Plogging’s largest ever event came to Wandsworth’s King George park on Saturday as people collected rubbish whilst on a five-kilometre run or a two-kilometre walk.
More than 100 people took part in the Swedish craze that’s come to London, picking up 251 cans and over 300 plastic bottles littered around the park.
Founders of the British ‘Plog-olution!’ Kingston resident Michelle Parkes, 39, and Dermot Kavanagh, 30, from Putney led three different groups around King George park as part of Wandsworth Council’s #mywandsworth campaign – pictured above.
“You should go home feeling really proud, you’ve got your exercise and made the planet just that tiny little bit tidier but when we all come together what we can do good!” said Dermot after the Plog.
“We just want to take it as far as we can, our dream is to have groups all over the world who are picking up rubbish and ultimately be in a place where we no longer have to pick up rubbish.
“We’ve done Plogs in Kingston, as far out as Hackney, we’ve gone up to Manchester and even had a group in Ohio in the United States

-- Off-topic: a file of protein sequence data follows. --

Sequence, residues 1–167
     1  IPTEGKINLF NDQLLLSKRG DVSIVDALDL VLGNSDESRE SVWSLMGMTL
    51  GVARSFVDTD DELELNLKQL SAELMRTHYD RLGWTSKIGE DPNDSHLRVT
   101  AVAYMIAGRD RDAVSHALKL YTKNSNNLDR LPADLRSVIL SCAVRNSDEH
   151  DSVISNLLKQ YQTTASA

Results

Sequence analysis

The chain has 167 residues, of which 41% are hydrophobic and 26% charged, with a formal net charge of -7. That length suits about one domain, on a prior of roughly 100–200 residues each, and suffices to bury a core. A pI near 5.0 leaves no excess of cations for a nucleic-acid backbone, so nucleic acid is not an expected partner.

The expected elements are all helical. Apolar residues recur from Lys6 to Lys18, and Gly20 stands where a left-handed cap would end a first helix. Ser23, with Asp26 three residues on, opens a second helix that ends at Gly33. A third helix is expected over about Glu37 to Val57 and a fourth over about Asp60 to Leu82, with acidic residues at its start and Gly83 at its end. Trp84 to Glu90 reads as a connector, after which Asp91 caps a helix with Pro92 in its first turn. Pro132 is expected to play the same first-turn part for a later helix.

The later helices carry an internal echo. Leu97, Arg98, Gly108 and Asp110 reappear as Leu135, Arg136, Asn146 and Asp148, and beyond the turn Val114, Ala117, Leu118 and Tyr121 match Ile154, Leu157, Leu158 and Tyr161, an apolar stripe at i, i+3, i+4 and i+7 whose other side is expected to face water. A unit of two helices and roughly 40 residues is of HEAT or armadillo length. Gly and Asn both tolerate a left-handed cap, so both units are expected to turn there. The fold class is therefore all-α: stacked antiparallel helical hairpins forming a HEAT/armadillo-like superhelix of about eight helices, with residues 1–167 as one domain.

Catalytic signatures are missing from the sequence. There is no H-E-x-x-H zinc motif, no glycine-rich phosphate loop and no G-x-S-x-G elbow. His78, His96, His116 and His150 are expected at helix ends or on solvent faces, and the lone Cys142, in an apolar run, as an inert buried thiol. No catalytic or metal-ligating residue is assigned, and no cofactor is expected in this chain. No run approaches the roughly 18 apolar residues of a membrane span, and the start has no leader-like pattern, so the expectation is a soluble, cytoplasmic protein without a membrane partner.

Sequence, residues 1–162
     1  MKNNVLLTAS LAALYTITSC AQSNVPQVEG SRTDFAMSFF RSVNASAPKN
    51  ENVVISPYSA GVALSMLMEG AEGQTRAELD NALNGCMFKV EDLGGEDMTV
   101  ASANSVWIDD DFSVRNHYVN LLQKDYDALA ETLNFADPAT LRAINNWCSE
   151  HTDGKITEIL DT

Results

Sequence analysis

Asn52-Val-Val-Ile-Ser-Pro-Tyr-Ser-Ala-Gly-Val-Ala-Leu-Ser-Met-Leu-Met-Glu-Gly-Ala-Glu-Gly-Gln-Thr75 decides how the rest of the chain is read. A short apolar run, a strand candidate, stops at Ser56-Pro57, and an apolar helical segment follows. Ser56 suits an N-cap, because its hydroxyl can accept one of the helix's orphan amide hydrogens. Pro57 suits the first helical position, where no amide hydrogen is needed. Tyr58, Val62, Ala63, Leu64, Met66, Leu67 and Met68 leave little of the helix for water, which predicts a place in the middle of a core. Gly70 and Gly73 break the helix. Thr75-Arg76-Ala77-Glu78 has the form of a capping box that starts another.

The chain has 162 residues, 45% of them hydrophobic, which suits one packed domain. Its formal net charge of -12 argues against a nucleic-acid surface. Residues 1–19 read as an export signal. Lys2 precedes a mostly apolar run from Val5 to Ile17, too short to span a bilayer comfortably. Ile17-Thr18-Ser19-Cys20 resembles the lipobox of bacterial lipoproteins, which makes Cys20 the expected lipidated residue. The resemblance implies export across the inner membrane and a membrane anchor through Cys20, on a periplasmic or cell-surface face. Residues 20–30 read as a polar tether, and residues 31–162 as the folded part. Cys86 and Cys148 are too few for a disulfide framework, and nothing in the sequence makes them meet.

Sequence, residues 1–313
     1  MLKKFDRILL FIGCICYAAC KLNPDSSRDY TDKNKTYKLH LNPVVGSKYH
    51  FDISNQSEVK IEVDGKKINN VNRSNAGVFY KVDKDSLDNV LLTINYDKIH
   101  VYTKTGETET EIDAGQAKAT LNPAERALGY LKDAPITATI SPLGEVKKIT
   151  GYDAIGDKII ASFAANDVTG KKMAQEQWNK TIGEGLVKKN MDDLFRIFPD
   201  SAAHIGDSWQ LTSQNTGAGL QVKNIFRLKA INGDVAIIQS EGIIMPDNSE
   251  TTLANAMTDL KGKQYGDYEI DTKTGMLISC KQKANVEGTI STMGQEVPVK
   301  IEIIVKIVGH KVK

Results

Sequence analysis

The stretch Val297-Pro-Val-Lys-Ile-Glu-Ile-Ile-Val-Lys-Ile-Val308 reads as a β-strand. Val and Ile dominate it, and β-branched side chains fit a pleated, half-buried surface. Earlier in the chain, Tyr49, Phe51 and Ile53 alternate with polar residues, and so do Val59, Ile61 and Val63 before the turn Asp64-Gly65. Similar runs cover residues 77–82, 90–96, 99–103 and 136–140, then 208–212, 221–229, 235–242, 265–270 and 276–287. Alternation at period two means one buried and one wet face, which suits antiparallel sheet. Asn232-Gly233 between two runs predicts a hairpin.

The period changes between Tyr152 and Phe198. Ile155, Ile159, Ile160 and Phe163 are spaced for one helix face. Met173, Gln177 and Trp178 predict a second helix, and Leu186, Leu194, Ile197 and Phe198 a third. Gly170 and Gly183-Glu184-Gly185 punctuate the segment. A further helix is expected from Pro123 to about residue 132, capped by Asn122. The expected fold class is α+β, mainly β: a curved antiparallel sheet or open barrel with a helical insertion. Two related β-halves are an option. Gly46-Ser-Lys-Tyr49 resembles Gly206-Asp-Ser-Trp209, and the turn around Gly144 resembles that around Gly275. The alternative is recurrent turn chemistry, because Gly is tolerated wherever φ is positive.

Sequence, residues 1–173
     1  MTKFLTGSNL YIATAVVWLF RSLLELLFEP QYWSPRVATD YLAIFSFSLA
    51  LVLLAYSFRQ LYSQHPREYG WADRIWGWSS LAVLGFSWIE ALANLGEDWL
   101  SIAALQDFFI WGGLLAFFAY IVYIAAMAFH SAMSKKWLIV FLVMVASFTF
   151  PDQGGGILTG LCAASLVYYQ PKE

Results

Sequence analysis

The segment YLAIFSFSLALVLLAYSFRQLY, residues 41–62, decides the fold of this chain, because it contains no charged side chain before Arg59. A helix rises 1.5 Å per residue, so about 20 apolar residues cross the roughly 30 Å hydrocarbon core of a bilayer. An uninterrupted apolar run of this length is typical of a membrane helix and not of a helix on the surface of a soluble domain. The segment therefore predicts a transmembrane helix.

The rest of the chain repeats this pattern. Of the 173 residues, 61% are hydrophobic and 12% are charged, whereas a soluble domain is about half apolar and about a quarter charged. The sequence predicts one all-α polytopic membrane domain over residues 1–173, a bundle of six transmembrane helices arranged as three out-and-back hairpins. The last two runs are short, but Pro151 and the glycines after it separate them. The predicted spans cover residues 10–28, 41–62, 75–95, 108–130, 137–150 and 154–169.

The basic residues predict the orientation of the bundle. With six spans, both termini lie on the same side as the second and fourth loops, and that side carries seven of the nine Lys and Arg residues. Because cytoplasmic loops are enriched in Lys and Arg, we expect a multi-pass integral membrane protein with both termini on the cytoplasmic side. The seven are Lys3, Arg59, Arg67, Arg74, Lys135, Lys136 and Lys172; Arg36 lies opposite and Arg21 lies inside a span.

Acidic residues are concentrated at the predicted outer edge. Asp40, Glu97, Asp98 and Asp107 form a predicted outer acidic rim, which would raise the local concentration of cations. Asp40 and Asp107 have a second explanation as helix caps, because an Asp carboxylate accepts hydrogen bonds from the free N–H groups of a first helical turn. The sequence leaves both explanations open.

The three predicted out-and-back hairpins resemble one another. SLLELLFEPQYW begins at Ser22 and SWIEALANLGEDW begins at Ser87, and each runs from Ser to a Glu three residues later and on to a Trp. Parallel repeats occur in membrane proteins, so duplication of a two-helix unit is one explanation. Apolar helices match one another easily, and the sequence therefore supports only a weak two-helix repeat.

“We’ve definitely got an environment that needs looking after,” he added.
Ages on the Plog ranged from 89-year-old Frances Fairhurst, to two and a half-year-old Atticus Pitman.
Councillor Steffi Sutters said: “Plogging sends out a clear signal that so many of us are determined to preserve our environment and will give up our free time to collect the rubbish dropped by an inconsiderate minority.
“Wandsworth Council’s support for plogging is just one of the many ways that we are encouraging residents to take pride in our wonderful borough, whilst sending a strong message to those that litter that what they do is unacceptable.”
Michelle said: “We’re going into schools because we’re trying to educate children and hopefully get the next generation of conservationists.”
Occupational therapist and the head of the Plog-olutions schools programme, Phoebe Abrahams said: “Movement in childhood is essential to development and there is a body of research which evidences a direct correlation between delayed or immature motor skill development and academic attainment.
“There are multifaceted benefits of plogging and, as a paediatric Occupational Therapist, I can see the functional benefits of it for children too. As well as social and interaction opportunities, working alongside peers and talking to generations of people from all walks of life that they may not have otherwise had contact with.”
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